VMware is once again a standalone company as it has officially split with its parent firm, Dell Technologies and untied the knot that has held them together since 2016.
The move is widely seen as a way for both companies to work with new partners and expand their respective technologies while keep close ties to each other.
It also has financial impacts. According to the Financial Times, Dell will shed its 81 per cent stake in publicly traded VMware, creating an independent software company with a stock market value of nearly US$64 billion. Dell’s remaining hardware operations have an implied value of US$33 billion, based on its latest share price.
About two-thirds of VMware’s revenue still comes from the more traditional business software segments of licensing and maintenance services, according to the Wall Street Journal. But the company has been steadily shifting to a cloud-based model. VMware recently said it expects subscription revenue to exceed 40 per cent of its total revenue in its fiscal year ending in January 2025, the Journal stated.
In addition the companies said they expect the spinoff will give both companies financial flexibility while letting them continue growing their tight business-development partnership. That includes services such as VMware Cloud on Dell EMC, which combines VMware’s high-performance compute, storage, and networking software integrated with Dell EMC hyperconverged infrastructure (HCI).
The companies are also expected to work together in new areas including edge, telco, and 5G, according to the spin-off arrangement. There is also a commitment to continue driving VMware revenue through Dell’s sales channel and continue VMware offering Dell Financial Services, the companies stated.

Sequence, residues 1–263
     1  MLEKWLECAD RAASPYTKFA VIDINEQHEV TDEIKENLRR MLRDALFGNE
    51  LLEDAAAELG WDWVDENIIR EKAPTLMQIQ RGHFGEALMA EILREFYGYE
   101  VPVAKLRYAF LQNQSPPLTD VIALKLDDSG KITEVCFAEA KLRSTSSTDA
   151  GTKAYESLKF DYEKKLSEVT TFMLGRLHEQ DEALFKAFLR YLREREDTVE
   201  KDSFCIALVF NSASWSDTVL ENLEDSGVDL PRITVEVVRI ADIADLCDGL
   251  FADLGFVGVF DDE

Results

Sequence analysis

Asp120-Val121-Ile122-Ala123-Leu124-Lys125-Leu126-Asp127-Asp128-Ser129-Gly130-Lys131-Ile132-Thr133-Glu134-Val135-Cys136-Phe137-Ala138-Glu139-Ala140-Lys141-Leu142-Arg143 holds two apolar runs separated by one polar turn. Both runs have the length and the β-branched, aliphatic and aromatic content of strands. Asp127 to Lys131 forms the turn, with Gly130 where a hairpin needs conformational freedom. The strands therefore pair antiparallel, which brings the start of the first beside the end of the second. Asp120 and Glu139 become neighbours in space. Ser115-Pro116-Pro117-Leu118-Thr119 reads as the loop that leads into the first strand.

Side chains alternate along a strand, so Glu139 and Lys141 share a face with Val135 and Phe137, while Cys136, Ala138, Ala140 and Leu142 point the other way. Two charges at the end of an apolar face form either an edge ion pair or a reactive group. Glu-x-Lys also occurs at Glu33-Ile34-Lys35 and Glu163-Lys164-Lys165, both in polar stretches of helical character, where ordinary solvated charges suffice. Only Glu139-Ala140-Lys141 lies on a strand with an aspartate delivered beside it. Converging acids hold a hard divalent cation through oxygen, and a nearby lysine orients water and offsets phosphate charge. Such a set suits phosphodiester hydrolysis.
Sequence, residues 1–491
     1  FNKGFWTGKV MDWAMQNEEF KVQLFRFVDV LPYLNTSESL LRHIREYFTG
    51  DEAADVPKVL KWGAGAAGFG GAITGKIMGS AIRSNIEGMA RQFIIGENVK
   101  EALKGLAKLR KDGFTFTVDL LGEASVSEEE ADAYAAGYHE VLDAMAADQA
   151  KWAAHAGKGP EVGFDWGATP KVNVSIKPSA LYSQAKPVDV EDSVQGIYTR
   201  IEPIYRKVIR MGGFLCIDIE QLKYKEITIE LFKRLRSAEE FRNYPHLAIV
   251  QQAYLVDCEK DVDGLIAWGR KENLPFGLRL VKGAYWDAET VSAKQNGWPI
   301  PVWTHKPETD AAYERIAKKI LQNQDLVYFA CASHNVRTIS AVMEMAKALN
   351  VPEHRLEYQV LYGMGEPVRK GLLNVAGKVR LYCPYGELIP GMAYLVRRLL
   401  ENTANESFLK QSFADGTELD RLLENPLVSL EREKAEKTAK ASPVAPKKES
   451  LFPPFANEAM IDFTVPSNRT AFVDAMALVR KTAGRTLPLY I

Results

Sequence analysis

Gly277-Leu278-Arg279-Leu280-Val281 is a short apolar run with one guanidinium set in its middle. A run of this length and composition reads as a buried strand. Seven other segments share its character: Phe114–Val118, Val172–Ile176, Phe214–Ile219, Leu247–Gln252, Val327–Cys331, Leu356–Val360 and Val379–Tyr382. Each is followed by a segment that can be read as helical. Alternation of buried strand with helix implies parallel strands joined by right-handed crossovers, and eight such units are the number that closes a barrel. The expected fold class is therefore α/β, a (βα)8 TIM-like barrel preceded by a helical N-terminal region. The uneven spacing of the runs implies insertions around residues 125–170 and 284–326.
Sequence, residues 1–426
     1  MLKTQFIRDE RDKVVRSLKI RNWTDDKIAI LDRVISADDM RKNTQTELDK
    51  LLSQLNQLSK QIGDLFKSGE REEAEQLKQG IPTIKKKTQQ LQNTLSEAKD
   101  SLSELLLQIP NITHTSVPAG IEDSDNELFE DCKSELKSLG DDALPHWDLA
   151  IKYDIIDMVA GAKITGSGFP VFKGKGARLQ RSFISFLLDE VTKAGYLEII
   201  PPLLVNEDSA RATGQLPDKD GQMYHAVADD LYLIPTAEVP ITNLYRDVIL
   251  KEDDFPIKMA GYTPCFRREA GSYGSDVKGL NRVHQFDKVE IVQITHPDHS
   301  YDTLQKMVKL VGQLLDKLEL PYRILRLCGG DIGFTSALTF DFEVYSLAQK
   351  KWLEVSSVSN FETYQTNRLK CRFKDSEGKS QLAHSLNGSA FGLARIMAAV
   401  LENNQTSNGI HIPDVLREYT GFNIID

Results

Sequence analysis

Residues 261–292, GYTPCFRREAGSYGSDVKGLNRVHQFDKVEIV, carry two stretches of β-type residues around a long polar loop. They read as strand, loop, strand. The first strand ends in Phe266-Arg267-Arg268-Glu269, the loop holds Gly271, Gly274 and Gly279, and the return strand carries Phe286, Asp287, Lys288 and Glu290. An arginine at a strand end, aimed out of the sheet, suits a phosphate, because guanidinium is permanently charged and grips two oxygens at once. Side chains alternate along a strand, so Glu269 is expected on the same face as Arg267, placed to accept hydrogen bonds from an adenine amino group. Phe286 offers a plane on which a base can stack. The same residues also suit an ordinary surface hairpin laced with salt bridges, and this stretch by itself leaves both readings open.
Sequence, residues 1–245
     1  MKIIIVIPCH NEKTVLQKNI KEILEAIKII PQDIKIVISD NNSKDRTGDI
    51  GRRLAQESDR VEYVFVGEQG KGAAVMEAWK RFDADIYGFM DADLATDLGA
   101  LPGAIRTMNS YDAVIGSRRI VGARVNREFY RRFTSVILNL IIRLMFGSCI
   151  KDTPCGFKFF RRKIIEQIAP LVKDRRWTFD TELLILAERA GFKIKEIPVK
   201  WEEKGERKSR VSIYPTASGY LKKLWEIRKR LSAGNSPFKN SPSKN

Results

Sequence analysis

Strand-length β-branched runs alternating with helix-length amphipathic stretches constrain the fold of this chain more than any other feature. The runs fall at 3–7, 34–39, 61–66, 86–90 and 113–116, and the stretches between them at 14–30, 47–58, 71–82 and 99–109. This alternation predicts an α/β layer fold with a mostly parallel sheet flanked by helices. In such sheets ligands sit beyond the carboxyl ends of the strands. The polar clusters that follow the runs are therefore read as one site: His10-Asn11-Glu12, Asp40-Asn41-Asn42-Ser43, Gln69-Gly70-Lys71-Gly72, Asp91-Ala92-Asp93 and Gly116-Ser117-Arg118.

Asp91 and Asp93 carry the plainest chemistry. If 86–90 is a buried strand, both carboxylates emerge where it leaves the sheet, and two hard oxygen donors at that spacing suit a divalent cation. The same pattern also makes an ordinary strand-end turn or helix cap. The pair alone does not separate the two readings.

VMware CEO Raghu Raghuram wrote in a blogthat the company will be more flexible to partner more deeply with cloud and on-premises providers.
"And the increased flexibility we will have to use equity to complete future acquisitions will help us remain competitive," he said. "Today’s move will strengthen our mission to be the Switzerland of the cloud industry, uniquely positioned to provide our customers with the best combination of options as we grow our robust ecosystem of partners.”
Raghuram said in a recent Network World article that the split could also move from under Dell's shadow. “The Dell spin-off will let partners look at VMware in a new light and allow us more flexibility in growing our own business,” Raghuram said.
In the same article Scott Miller, senior director of strategic partnerships for World Wide Technology (WWT), a technology and supply-chain service provider and a VMware partner said: “VMware’s spinoff from Dell should provide some more confidence for our clients that have standardised their server or storage infrastructure on other options from Dell and that VMware will be working with even more closely in the future to remain independent of any one OEM’s influence.”
VMware says its mission is to provide foundational multi-cloud platforms for accelerating digital business.
“We provide a ubiquitous consistent software platform across clouds, data centres, and edge with which customers can rapidly build and modernise their applications," Raghuram said. "We empower them to operate their entire distributed environment with optimal cost, security and governance while leveraging their existing investments in our technology and skills to go faster to the future."